When Parents Are Children

In Alice Hoffman’s novel, The Museum of Extraordinary Things, Ezekiel Cohen is ten years old when his father decides to end his life by jumping off a dock into wintry waters. His father is saved by dockworkers, but Ezekiel is left with crippling guilt that he didn’t jump in to save him (even though he couldn’t swim). The boy decides at that moment to leave his father, hurt by the terrible truth that his father was prepared to abandon him. When he is twenty-one, the boy now a man, reflects on his decision.

“I realized that my resentment as a boy had arisen not only from the idea that he was willing to end his life and leave me when he leapt from the dock but from the fact that I felt, from that moment on, responsible for him. I was too young…to meet that responsibility.”

Tribal people got some things right. A lot of things actually. Things that we’ve forgotten. Like initiating youth into adulthood. Through rigorous ordeals. If you survived (and it wasn’t guaranteed) you’d know in your bones you were no longer a kid. You were an adult and expected to take on adult responsibilities. Like parenting. You were surrounded by elders who would support you in the task. And you were called to account when you acted like you were still a child. This ensured that adults were adults and children were children. Adults take care of the children. Right? Well, yeah, that’s how it’s supposed to work.

But what happens when you lose these initiation rituals? Children become parents without becoming adults first. The result? Children are parenting children. Or rather, pretending to parent their children. Children are forced to take on the role of parenting their parents. Which is not possible, and is maybe the leading cause of anxiety—too much responsibility too soon too often.  We get fooled by appearances though. Adult children have bodies like adults, they talk like adults, they have jobs just like adults, they have children just like adults. The challenge is that they have a boatlload of unmet needs from their own childhoods. And a boatload of hurt. And a boatload of self-hate that they got from parents who hated themselves.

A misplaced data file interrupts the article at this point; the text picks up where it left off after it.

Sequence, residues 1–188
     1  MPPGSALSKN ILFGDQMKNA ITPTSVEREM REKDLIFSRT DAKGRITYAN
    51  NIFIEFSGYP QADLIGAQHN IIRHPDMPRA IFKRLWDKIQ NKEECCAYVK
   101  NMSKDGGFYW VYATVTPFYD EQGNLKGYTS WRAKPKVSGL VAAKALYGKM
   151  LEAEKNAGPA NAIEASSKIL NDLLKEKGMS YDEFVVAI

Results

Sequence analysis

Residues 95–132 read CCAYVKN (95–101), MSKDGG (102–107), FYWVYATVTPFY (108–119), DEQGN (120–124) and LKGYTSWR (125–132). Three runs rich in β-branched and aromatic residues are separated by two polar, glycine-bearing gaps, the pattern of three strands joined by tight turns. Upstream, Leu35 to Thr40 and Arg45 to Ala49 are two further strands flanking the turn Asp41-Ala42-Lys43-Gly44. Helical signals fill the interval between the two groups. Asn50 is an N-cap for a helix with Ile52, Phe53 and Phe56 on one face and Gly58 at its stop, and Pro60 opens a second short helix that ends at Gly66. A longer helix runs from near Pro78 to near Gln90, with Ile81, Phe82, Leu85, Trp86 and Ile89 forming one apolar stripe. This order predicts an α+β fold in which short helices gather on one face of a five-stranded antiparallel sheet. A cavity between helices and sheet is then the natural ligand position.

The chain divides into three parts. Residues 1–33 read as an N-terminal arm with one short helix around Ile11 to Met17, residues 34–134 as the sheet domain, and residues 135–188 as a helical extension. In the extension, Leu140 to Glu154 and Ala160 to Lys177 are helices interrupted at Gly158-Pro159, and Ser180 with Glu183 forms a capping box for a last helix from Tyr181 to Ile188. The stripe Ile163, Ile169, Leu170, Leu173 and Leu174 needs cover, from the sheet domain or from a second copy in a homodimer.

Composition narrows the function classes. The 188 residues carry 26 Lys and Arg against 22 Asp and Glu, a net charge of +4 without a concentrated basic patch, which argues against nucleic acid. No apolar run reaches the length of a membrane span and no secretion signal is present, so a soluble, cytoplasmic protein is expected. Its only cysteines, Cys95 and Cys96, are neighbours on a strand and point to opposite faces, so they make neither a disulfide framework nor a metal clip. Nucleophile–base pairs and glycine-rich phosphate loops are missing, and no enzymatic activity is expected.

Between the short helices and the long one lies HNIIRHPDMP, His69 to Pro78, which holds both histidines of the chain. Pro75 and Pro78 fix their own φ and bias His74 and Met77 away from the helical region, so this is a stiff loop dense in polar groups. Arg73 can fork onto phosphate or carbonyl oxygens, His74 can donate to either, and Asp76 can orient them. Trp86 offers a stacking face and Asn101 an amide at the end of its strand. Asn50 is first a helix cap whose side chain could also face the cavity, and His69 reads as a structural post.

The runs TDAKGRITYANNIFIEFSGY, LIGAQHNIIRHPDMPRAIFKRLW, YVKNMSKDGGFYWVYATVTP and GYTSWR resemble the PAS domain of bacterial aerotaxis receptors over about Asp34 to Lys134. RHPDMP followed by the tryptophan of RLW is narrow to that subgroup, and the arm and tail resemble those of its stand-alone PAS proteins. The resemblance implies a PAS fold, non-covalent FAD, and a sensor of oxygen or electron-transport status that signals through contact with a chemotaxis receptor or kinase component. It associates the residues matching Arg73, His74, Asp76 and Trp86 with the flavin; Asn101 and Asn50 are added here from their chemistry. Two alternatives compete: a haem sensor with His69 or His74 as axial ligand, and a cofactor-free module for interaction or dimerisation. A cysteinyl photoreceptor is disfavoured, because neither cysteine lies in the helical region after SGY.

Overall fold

Children pick up on all of this energetically. They know that they cannot be taken care of by an adult who is hurting so much. So they try to fill the gap. It’s not altruistic. (Children have not yet reached that stage of moral development). It’s survival, pure and simple. I’ll take care of you so that you will be able to do your job and take care of me. It’s fucked up. But it’s real.

This is when children try to be better, quieter, more mature by asking (subconsciously) “who do I need to be, how do I need to be, what do I need to do, to get this person to take care of me”. Which sets us up for a lifetime of trying to read the crowd to determine what it’s going to take to bring them on side (and give me what I didn’t get).
This is when children start to get serious. They take part time jobs to help pay for groceries because mom is too depressed. That’s when children lose their childhood.

Check out Shameless on Netflix, starring William Macy, who plays an alcoholic “father” of seven children. It’s called Shameless because the dad is in so much denial that he is the child and the kids are taking care of him that it’s embarrassing to watch him pretend. The difference between this series and what most of us experience is that it’s so clearly obvious that this is the deal that the children know they have to step up and compensate. It’s explicit, whereas for most of us it’s implicit, energetic, vague and hidden. Until we start asking ourselves why we’re so anxious, moody, depressed and joyless.

I know that somebody out there in reader land is wondering if s/he is one of these parents. What to do? Well, stop it. (The behaviour, that is, not asking the question). Let your kids be kids and you get the emotional support you need somewhere else. Also, nobody is saying that we need to be perfect. I’ve blown it as a parent. At first, when my daughter challenged me, I was in denial and defensive. Then ayahuasca taught me a lesson about taking responsibility. I let go of my need to see things from my perspective. I went to her and told her that I saw how my actions hurt her and told her that I was ready to listen. I apologized. We’re all going to hurt our children in one way or another. This lifetime is practice, folks, not a game of perfect. End the drama and accept that you are human.

As always, the point of the exercise is not to shame anybody. It’s simply to get at what’s true, to pull back the veil and realize that we can now bear to see it clearly. If you feel chronically burdened, joyless, anxious and that the weight of the whole world is on your shoulders, it’s possible that this is a very old feeling, stemming from too much responsibility too early in life. See it. Grieve it. And then get on with “living a life that’s truly your own”.



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